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How to Take Travel Photos Like a Pro

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How to Take Travel Photos Like a Pro

The era of the highly edited, perfectly symmetrical hero shot is over. Now, the travel spam trend is all about detail and authenticity. Professional photographer Caitlin Miers shares her top tips for capturing your holiday.

Caitlin Miers

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Tis the season to travel (finally!)


We’ve all been locked up for two and a half years, and it seems the growing trend this year is to - literally - GTFO.


Travel is looking a little different on the other side of Covid, but the beauty is still there.


Wherever you’re off to for the remainder of 2022, creating memories still looks the same as it ever has, and I’m going to point you in the right direction for getting that sweet travel content with ease so you can spend more time sipping and less time clicking!

I’ll start with this: A few years ago, the ‘perfect’ travel photo was all about the grand gestures. The big, bold ‘hero’ shot. Highly edited, almost unrealistic, and definitely difficult to achieve. This is how the travel blogger blew up.


These next-to-perfect, symmetrical images of incredible places around the world - it was a breeze to the elite few and a scramble for the rest of us.


Fast forward to today, and we can see there’s a different trend emerging. Enter - the ‘detail’ shot. Or to be honest with you, enter ‘the real life unedited version!’


These are shots the phone in your pocket is more than capable of capturing beautifully, no fancy DSLR or pro kit required.

It’s kind of cool, because I think social media can be so blown out of proportion at times that we truly forget what’s real and what’s not.


It’s refreshing to see everyone warming to unedited, unfiltered images that simply showcase the very real moments of what’s happening in their life. After all, that is what Instagram's intention was when it started. 


So, as a professional photographer, I've outlined my top five tips for capturing your adventures on your iPhone.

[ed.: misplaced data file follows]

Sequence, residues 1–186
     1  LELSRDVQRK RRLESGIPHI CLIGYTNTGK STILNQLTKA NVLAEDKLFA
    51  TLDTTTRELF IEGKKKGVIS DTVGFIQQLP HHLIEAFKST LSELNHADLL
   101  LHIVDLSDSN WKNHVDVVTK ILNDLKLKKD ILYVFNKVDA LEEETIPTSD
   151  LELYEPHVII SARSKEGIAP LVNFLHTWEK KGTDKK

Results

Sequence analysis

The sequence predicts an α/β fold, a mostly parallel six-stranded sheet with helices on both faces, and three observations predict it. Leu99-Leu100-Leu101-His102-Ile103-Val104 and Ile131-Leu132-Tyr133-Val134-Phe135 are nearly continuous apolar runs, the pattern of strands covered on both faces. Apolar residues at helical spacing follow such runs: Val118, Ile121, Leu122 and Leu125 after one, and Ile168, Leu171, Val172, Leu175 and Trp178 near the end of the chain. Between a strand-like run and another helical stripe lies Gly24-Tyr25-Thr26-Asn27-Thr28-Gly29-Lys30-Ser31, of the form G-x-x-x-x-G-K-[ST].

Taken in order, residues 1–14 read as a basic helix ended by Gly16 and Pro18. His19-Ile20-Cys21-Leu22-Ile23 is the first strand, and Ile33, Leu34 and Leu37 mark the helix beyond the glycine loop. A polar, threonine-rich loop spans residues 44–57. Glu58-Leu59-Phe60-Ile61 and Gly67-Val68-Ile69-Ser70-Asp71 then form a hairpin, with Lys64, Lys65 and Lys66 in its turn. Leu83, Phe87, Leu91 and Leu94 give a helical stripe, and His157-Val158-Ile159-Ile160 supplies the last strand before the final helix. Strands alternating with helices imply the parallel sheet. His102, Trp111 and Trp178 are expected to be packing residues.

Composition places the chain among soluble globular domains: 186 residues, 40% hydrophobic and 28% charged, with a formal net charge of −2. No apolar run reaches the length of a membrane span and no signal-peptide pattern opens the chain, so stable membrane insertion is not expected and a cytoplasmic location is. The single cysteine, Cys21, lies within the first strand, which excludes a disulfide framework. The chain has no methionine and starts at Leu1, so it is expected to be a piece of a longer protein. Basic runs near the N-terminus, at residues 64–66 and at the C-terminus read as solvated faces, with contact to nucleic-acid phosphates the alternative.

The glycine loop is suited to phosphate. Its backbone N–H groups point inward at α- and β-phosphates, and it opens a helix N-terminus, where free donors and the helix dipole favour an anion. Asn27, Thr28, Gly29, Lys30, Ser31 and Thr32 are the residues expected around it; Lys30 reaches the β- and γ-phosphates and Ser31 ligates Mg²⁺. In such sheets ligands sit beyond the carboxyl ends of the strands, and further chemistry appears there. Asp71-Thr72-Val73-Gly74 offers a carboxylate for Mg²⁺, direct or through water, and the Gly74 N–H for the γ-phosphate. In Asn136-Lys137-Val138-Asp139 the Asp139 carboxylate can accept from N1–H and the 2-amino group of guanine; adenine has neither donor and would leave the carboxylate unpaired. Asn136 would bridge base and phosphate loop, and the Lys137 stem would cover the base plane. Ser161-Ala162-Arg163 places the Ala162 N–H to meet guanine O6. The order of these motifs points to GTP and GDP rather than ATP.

Get inspired by colour


I love capturing contrasting colour and always look for it on my travels.


It’s amazing what your eyes can see once you start tuning into this.


Even when you’re just walking around exploring, try and make a conscious effort to tune into the colours around you. Think bright pop!

Keep it real

Stay authentic to you.


You know what you like capturing and what you don’t. So stick to that!


Get creative with it, and always remember that a lot of moments can be much better with the phone down too. 

Do a light edit


My favourite phone apps to use to edit at the moment are Tezza and Dazz Cam.


These allow you to do some light colour editing which can be fun to make colours really pop in your shots or give you a washed film look.

It’s fun to take some time and play around with these to see what you like.


You’ll notice you’ll start to develop your own style and this can further inspire more creativity if you’re loving it!


If we’re going to get technical, I would say use ‘portrait’ mode for more still life images and the normal ‘photo’ mode for landscapes and people shots.


This way you get a nice mix of both.


The reason to use portrait mode for objects is that it gives this nice ‘falloff’ or ‘blur’ in the background, which looks like you’ve picked up a professional camera!

It’s all in the angles

I’ve always thought angles can differentiate between a good photographer and a great one.


I love the thought process behind trying out different angles and different views of a specific view. It really adds to the creativity.


Get down low, shoot up, shoot down, the more you move the more you’ll start to see the same location in a whole different light.

Organisation


When you’re travelling, you’re obviously going to be taking a lot of photos, but it can be overwhelming sorting through them.


Here is how I do it: At the end of the day, go through and ‘heart’ your favourite ones, and then you can select them and add them into a folder as ones you’d like to edit.


Then, once you’ve edited them, you can move them to a separate folder ready to share. It’s a bit of a process to get used to at first, but once you’re in that mindset you’ll find you’ll just do this as you go!

At the end of the day, travel photography is really all about photographing what catches your eye.


What intrigues you, what makes you question, and what makes you think.


There’s nothing better than fully immersing yourself in the culture and getting lost in the vibrancy of somewhere that feels so different to home.


This feeling is what pulls me back overseas every single time and something I think I’ll never stop chasing. I hope these tips have given you some inspiration to get out there and document your travels!


Happy flying x

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